In traditional sports, teams are frequently divided into “contending teams” or “rebuilding teams.” Contending teams are built around established star players in their prime and aim to win the championship. Rebuilding teams are those which have fallen by the wayside, perhaps due to their stars aging or a lack of stars in the first place, and have decided to focus on molding younger players rather than competing for the championship. These teams hope that their younger players can one day develop into stars and bring them back into championship contention.
Clear analogues exist in competitive LoL. SKT, this year’s world championship winners, were clearly built for World Championship contention. Focused around star player Faker and loaded with experienced veterans, SKT’s goal was Worlds or bust. Meanwhile, a team like this year’s Samsung roster was built with the future in mind. Stocked with inexperienced rookies, the Samsung org was clearly hoping that some of them would develop into better players in time to contend during the Summer Split or even Season 6. Other times, teams completely teardown their rosters in the hope to contend immediately. This year’s TSM team, keeping only a single member from the previous season, is a good example of this. The new TSM line-up bears no resemblance to the previous squad, and the synergies and team strengths will be entirely new.
Rarely can teams manage to both rebuild and contend at the same time, keeping the core strengths of their aging lineup while resupplying it with fresh talent. Such a rebuild is considered one of the most skillful feats a manager can attempt – the NBA’s San Antonio Spurs have been lauded for consistently retooling the roster around their now 39-year old star Tim Duncan. This difficult attempt also comes at a high risk – because these teams usually keep older, and sometimes underperforming, players onboard instead of completely filling their line-up with young talent, if the rebuild fails, the team is punished for holding onto these players.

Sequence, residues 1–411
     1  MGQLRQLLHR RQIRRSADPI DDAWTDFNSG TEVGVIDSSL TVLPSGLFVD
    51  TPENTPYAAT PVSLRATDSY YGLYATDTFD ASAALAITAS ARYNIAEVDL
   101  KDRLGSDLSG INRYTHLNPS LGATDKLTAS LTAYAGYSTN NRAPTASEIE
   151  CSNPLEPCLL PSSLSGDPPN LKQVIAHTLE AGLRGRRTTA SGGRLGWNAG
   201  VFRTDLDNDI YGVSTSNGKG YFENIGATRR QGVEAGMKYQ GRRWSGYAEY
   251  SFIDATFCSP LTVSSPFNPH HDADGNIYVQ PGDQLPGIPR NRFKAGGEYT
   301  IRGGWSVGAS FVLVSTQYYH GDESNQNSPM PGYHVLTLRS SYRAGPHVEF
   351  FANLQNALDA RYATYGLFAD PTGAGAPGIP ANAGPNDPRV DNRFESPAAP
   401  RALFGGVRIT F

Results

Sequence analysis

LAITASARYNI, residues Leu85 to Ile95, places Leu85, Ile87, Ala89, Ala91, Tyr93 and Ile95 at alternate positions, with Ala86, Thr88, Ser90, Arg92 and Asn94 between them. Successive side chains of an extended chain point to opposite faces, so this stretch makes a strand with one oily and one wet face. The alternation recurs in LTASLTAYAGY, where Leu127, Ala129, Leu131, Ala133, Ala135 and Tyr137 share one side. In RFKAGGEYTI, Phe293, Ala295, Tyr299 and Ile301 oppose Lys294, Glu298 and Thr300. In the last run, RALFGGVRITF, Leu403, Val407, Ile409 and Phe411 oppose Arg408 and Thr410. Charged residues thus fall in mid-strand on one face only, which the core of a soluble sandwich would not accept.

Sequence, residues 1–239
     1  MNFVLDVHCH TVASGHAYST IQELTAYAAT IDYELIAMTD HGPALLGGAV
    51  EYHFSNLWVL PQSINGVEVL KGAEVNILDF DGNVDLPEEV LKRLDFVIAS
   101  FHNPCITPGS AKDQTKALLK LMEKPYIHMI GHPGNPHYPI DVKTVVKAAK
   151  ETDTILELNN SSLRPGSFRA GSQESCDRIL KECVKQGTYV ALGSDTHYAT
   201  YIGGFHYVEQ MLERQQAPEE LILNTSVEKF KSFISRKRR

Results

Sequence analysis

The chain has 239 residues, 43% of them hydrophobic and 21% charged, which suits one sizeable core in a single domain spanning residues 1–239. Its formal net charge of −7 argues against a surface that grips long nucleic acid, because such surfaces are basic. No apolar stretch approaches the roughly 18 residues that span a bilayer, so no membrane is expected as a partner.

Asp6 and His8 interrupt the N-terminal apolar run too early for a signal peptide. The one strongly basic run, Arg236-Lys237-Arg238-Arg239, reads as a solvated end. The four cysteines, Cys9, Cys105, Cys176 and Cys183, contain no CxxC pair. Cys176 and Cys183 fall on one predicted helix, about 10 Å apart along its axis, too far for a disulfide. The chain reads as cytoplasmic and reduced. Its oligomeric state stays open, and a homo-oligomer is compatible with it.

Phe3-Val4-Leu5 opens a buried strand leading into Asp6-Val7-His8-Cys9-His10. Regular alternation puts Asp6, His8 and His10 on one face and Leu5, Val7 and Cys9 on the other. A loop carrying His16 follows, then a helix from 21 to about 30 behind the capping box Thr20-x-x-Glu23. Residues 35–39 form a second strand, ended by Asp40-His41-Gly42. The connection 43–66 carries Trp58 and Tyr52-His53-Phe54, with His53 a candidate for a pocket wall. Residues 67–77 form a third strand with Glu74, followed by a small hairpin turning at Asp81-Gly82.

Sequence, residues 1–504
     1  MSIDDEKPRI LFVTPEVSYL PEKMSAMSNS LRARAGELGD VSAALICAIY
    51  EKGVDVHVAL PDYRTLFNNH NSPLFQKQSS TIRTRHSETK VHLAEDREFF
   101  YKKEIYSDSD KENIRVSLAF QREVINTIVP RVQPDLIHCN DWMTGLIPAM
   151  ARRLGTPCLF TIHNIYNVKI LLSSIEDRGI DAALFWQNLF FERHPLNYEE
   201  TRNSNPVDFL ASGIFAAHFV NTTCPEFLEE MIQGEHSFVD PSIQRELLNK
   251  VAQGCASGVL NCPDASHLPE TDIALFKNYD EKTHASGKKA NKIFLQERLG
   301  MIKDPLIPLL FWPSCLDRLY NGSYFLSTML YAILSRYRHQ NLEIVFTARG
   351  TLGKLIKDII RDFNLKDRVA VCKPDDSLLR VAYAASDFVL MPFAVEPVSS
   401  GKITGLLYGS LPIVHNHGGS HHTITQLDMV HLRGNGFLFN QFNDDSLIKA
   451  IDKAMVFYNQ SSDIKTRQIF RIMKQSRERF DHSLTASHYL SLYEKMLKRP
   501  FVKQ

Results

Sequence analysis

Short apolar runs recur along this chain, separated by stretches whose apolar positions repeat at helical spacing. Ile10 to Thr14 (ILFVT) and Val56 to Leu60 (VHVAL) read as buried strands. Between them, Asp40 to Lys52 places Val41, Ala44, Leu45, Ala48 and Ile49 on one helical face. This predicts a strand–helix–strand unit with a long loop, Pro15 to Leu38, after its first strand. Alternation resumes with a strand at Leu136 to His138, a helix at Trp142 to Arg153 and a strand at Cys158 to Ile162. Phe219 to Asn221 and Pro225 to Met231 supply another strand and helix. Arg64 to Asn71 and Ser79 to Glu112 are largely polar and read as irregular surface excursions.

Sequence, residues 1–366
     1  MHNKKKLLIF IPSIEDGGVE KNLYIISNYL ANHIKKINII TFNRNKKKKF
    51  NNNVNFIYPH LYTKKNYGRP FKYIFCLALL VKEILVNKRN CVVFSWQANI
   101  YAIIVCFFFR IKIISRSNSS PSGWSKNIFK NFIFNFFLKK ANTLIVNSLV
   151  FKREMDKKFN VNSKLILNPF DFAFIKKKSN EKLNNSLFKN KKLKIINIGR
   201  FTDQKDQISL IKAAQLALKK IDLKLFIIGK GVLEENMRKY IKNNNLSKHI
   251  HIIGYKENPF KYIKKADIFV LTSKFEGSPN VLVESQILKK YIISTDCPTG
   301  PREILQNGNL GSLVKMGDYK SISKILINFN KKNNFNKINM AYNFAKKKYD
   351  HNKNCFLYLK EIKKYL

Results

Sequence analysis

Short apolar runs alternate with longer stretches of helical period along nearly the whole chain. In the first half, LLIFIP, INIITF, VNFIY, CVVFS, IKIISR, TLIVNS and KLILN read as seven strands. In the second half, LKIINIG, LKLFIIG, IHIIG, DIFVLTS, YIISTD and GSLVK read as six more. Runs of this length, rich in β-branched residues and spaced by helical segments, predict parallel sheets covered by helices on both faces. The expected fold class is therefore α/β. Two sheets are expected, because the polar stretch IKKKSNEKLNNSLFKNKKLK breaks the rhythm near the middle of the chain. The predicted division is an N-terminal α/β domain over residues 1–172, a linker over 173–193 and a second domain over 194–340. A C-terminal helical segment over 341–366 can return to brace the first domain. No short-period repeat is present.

Right now, Cloud9’s Jack is attempting such a difficult rebuild, retooling and upgrading Cloud9’s roster while keeping the team as a strong play-off contender. Let’s take a look at C9’s moves and see how they fit into their future plans.
Adding Rush to the jungle
Rush is perhaps the definition of a “rebuilding while contending” player. The reigning North American MVP is already a clear established talent. Easily one of the best Western junglers last year, Rush’s early game playmaking propelled Team Impulse to the league’s top spot before XiaoWeiXiao’s suspension. Rush’s defining characteristics are his early game aggression, ability to snowball games, and mastery of damage-heavy, nearly glass cannon junglers. But in spite of his proven excellence, Rush has a nearly unlimited ceiling. His ability to consistently take Korea’s number 1 rank in solo queue over players such as Faker, Deft, and Apdo demonstrate his nearly unparalleled mechanics and powerful individual prowess. Instead, Rush’s biggest issue is his struggles in the team context. Rush’s warding was extremely poor last season, finishing near the bottom of the league. In addition, Rush frequently took dangerous risks outside of the team context, especially with his extremely forward engages and risky jungle invades. When Rush’s forays behind the backline succeeded, they outright won games for Team Impulse. When his teammates were too far behind him, Rush’s daring plays simply became throws.
This is what makes Rush such an intriguing fit for Cloud9. Cloud9 that has always given their junglers a high amount of freedom. In Season 3, Meteos became known for his hard carry style from the jungle, farming up a storm on champions like Nasus and Zac. Although Hai joined the line-up as a supposed supportive jungler, his main picks were damage-heavy carries like Shyvana and Nidalee. On Cloud9, the jungler is allowed to do what they consider best, a freedom that few teams, even those with established jungling stars, afford their players.